Earlier this week, the Second Circuit Court of Appeals revived plaintiff Andrea Vasquez’s wrongful termination and retaliation lawsuit against her former employer, holding that under the “cat’s paw” theory, the retaliatory intent of any company employee – not just supervisory personnel – can be imputed to the company.
The “cat’s paw” theory traces its roots back to Shager v. Upjohn Co., a 1990 Seventh Circuit decision. As the 10th Circuit recently explained, the “cat’s paw” theory is based on “a fable… in which a monkey convinces an unwitting cat to pull chestnuts from a hot fire. As the cat scoops the chestnuts from the fire one by one, burning his paw in the process, the monkey eagerly gobbles them up, leaving none left for the cat.” Translated to legalese, the theory imputes liability to an employer when a biased employee persuades the employer to fire another employee for discriminatory or retaliatory reasons.
Different versions of the “cat’s paw” theory have been endorsed by the various Circuit Courts. In 2011, the theory was tested before the Supreme Court, which determined an employer may be held liable if a biased supervisor recommends an adverse employment action and the company fails to independently investigate whether, and determine that, the action is warranted. By contrast, if the employer’s independent investigation results in an adverse employment action for reasons unrelated to the supervisor’s original biased action or recommendation, and the employer reaches that conclusion without taking that recommendation into account, the employer will not be liable. While the Supreme Court decision endorsed the “cat’s paw” theory with respect to biased supervisors, the Court did not specifically say whether the theory applied when an employer was influenced by a low-level employee.
Two years after the Supreme Court’s decision, Ms. Vasquez sued her former employer for wrongful termination and retaliation. According to the Second Circuit, in the space of twenty-four hours, Ms. Vasquez was subjected to unwelcome sexual advances by a coworker, complained about that conduct to her employer, and thereafter lost her job. A co-worker discovered Ms. Vasquez’s complaint and provided false documents to the employer purporting to show it was Ms. Vasquez who had behaved inappropriately, thereby resulting in Ms. Vasquez’s termination. The U.S. District Court for the Southern District of New York dismissed Ms. Vasquez’s complaint, finding that the employer could not have engaged in retaliation because it could not be held responsible for the retaliatory animus of the co-worker, a low-level employee with no decision-making authority.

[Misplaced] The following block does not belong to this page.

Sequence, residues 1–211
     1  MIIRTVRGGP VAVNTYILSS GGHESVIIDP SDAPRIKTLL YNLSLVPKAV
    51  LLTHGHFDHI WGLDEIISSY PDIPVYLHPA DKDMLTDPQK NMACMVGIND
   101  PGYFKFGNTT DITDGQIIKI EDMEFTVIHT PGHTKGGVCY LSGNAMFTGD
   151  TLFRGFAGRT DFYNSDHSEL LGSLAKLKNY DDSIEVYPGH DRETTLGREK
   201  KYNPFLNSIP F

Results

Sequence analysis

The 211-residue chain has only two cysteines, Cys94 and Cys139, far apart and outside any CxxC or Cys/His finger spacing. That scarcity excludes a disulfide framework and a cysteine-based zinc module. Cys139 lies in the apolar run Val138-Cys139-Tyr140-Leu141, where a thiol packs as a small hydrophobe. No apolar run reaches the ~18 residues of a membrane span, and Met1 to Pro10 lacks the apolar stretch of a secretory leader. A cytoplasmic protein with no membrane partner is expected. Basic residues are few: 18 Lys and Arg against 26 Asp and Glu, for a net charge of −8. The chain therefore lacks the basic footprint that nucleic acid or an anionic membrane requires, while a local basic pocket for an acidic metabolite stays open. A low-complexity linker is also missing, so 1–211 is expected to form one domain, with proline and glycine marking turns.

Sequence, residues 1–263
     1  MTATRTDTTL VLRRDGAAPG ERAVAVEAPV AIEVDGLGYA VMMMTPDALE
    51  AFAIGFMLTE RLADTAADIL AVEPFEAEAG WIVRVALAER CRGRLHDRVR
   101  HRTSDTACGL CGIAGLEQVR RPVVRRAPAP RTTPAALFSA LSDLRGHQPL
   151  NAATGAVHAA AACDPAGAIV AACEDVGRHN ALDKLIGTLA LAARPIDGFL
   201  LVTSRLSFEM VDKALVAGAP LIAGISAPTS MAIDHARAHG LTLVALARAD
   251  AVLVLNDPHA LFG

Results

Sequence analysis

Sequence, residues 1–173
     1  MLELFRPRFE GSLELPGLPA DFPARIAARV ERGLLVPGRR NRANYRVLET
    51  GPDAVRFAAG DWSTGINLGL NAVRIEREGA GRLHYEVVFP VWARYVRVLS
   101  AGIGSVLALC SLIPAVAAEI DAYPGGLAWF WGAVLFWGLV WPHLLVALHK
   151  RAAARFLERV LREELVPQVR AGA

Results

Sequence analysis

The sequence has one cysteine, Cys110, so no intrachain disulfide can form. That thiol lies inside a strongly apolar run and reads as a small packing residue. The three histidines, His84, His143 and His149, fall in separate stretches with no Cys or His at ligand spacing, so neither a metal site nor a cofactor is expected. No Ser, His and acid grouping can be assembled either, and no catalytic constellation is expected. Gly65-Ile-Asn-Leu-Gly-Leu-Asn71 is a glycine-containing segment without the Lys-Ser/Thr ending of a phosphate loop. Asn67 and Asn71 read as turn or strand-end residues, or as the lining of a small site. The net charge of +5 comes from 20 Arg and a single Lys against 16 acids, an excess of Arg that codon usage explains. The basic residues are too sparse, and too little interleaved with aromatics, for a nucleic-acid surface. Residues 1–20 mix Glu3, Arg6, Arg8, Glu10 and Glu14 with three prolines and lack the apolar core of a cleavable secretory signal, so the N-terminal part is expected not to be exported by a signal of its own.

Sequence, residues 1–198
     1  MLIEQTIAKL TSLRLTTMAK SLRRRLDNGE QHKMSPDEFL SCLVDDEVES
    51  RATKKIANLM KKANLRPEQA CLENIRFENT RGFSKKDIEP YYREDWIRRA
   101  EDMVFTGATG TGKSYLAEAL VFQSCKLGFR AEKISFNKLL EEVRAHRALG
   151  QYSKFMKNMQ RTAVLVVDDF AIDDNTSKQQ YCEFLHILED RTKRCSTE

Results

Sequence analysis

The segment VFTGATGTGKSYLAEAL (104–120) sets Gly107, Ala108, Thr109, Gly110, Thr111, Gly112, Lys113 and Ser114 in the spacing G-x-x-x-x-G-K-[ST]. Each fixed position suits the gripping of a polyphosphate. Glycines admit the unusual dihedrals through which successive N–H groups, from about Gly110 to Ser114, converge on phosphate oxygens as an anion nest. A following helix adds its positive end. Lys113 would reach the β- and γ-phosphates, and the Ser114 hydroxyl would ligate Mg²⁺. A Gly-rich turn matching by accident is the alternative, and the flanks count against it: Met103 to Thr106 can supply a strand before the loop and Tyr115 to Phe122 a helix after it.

On appeal, the Second Circuit held that all employees’ retaliatory intent may be imputed to their employer where the employer’s own negligence gives effect to the employee’s retaliatory animus leading to the adverse employment decision:
“In sum, we hold that an employer may be held liable for an employee’s animus under a ‘cat’s paw’ theory, regardless of the employee’s role within the organization…”
However, the Second Circuit decision makes clear that the theory only applies when an employer acts negligently with respect to the information it was provided. Thus, the decision stops short of the 2011 Supreme Court decision involving supervisory personnel which requires that no part of biased supervisor’s report be a factor in the employer’s decision making. The Second Circuit remanded the matter, instructing the District Court to make findings of fact whether Ms. Vasquez’s employer was negligent in its investigation.
The Second Circuit decision is a reminder that employers should promptly, thoroughly, and independently investigate employee complaints involving multiple coworkers, without deferring unquestioningly to termination recommendations by coworkers or supervisors. As the Tenth Circuit has explained, the policy behind the “cat’s paw” theory is to require employers to “hear both sides of the story before taking an adverse employment action against a member of a protected class.”
The Second Circuit case is Vasquez v. Empress Ambulance Service Inc. et al., case number 15-3239.
The 2011 Supreme Court case is Vincent E. Staub v. Proctor Hospital, 562 U.S. 411 (2011).